Skip to Main Content
Book Chapter

The sanukitoid series: magmatism at the Archaean–Proterozoic transition

By
Hervé Martin
Hervé Martin
Clermont Université, Université Blaise Pascal, Laboratoire Magmas et Volcans, BP 10448, F-63000 Clermont-Ferrand, FranceCNRS, UMR 6524, LMV, F-63038 Clermont-Ferrand, France IRD, R 163, LMV, F-63038 Clermont-Ferrand, France, Email: h.martin@opgc.univ-bpclermont.fr
Search for other works by this author on:
Jean-François Moyen
Jean-François Moyen
Department of Geology, University of Stellenbosch, Private Bag X 01, 7602 Matieland, South Africa
Search for other works by this author on:
Robert Rapp
Robert Rapp
Research School of Earth Sciences, The Australian National University, Canberra, ACT, 0200 Australia
Search for other works by this author on:
Published:
October 01, 2010

A specific type of granitoid, referred to as sanukitoid (Shirey & Hanson 1984), was emplaced mainly across the Archaean–Proterozoic transition. The major and trace element composition of sanukitoids is intermediate between typical Archaean TTG and modern arc granitoids. However, among sanukitoids, two groups can be distinguished on the basis of the Ti content of the less differentiated rocks of the suite: high- and low-Ti sanukitoids. Melting experiments and petrogenetic modelling show that they may have formed by either (1) melting of mantle peridotite previously metasomatised by felsic melts of TTG composition, or (2) by reaction between TTG melts and mantle peridotite (assimilation). Rocks of the sanukitoid suite were emplaced at the Archaean–Proterozoic boundary, possibly marking the time when TTG-dominated granitoid magmatism changed to a more modern-style, arc-dominated magmatism. Consequently, the intermediate character of sanukitoids is not only compositional but chronological. The succession of granitoid magmatism with time is integrated in a plate tectonic model where it is linked to the thermal evolution of subduction zones, reflecting the progressive cooling of Earth: (1) the Archaean Earth’s heat production was high enough to allow the production of large amounts of TTG granitoids formed by partial melting of recycled basaltic crust (‘slab melting’); (2) at the end of the Archaean, due to the progressive cooling of the Earth, the extent of slab melting was reduced, resulting in lower melt:rock ratios. In such conditions the slab melts can be strongly contaminated by assimilation of mantle peridotite, thus giving rise to low-Ti sanukitoids. It is also possible that the slab melts were totally consumed in reactions with mantle peridotite, subsequent melting of this ‘melt-metasomatised mantle’ producing the high-Ti sanukitoid magmas; (3) after 2·5 Ga, Earth heat production was too low to allow slab melting, except in relatively rare geodynamic circumstances, and most modern arc magmas are produced by melting of the mantle wedge peridotite metasomatised by fluids from dehydration of the subducted slab. Of course, such changes did not take place exactly at the same time all over the world. The Archaean mechanisms coexisted with new processes over a relatively long time period, even if they were subordinate to the more modern processes.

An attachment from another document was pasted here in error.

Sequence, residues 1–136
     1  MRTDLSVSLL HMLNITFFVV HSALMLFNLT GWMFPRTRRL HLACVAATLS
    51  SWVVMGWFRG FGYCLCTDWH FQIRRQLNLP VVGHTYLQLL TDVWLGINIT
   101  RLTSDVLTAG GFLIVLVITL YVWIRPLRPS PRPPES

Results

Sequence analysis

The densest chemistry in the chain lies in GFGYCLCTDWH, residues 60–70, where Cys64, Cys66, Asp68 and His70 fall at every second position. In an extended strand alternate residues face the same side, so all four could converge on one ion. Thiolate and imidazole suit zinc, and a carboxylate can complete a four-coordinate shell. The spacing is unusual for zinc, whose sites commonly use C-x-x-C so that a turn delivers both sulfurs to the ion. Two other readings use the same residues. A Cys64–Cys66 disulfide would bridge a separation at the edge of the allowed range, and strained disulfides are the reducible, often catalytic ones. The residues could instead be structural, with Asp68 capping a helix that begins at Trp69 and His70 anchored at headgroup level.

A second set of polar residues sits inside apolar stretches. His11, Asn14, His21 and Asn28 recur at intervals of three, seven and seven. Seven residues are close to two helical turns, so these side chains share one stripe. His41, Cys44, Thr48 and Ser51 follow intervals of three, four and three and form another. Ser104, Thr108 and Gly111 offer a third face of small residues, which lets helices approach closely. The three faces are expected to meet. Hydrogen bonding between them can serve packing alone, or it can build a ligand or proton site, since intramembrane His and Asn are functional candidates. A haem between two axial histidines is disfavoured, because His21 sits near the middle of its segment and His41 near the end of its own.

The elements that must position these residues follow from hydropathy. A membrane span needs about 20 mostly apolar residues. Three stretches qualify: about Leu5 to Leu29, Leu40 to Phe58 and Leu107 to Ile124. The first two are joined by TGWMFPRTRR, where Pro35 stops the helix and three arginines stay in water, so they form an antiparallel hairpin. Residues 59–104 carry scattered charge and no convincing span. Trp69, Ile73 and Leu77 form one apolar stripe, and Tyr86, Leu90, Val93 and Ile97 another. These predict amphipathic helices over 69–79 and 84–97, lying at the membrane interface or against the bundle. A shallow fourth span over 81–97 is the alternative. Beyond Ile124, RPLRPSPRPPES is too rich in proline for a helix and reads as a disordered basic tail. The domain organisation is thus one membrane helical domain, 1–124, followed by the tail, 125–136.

You do not currently have access to this article.

Figures & Tables

Contents

GSA Special Papers

Sixth Hutton Symposium on The Origin of Granites and Related Rocks: Proceedings of a Symposium held in Stellenbosch, South Africa, 2- 6 July 2007

John D. Clemens
John D. Clemens
Department of Earth Sciences, University of Stellenbosch, South Africa
Search for other works by this author on:
Colin Donaldson
Colin Donaldson
EESTRSE Editor:
Search for other works by this author on:
Carol D. Frost
Carol D. Frost
Guest Editors:
Search for other works by this author on:
Alexander F.M. Kisters
Alexander F.M. Kisters
Guest Editors:
Search for other works by this author on:
Jean-François Moyen
Jean-François Moyen
Guest Editors:
Search for other works by this author on:
Tracy Rushmer
Tracy Rushmer
Guest Editors:
Search for other works by this author on:
Gary Stevens
Gary Stevens
Guest Editors:
Search for other works by this author on:
Geological Society of America
Volume
472
ISBN print:
9780813724720
Publication date:
October 01, 2010

GeoRef

References

Related

Citing Books via

Close Modal
This Feature Is Available To Subscribers Only

Sign In or Create an Account

Close Modal
Close Modal